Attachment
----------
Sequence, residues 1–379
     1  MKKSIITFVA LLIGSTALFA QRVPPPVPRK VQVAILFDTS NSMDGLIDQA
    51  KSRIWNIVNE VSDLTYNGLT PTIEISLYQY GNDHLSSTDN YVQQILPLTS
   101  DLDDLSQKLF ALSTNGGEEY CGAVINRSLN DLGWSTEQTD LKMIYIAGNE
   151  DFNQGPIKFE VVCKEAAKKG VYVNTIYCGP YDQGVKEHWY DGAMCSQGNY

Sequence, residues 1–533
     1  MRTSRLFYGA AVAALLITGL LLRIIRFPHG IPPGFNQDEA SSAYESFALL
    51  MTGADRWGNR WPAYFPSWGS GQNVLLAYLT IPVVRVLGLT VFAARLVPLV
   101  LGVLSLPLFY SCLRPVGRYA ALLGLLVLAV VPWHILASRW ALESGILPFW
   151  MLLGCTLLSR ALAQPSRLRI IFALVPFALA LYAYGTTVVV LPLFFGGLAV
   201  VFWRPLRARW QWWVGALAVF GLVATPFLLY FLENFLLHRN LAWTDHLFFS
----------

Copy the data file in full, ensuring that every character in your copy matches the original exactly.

Sequence, residues 1–379
     1  MKKSIITFVA LLIGSTALFA QRVPPPVPRK VQVAILFDTS NSMDGLIDQA
    51  KSRIWNIVNE VSDLTYNGLT PTIEISLYQY GNDHLSSTDN YVQQILPLTS
   101  DLDDLSQKLF ALSTNGGEEY CGAVINRSLN DLGWSTEQTD LKMIYIAGNE
   151  DFNQGPIKFE VVCKEAAKKG VYVNTIYCGP YDQGVKEHWY DGAMCSQGNY

Sequence, residues 1–533
     1  MRTSRLFYGA AVAALLITGL LLRIIRFPHG IPPGFNQDEA SSAYESFALL
    51  MTGADRWGNR WPAYFPSWGS GQNVLLAYLT IPVVRVLGLT VFAARLVPLV
   101  LGVLSLPLFY SCLRPVGRYA ALLGLLVLAV VPWHILASRW ALESGILPFW
   151  MLLGCTLLSR ALAQPSRLRI IFALVPFALA LYAYGTTVVV LPLFFGGLAV
   201  VFWRPLRARW QWWVGALAVF GLVATPFLLY FLENFLLHRN LAWTDHLFFS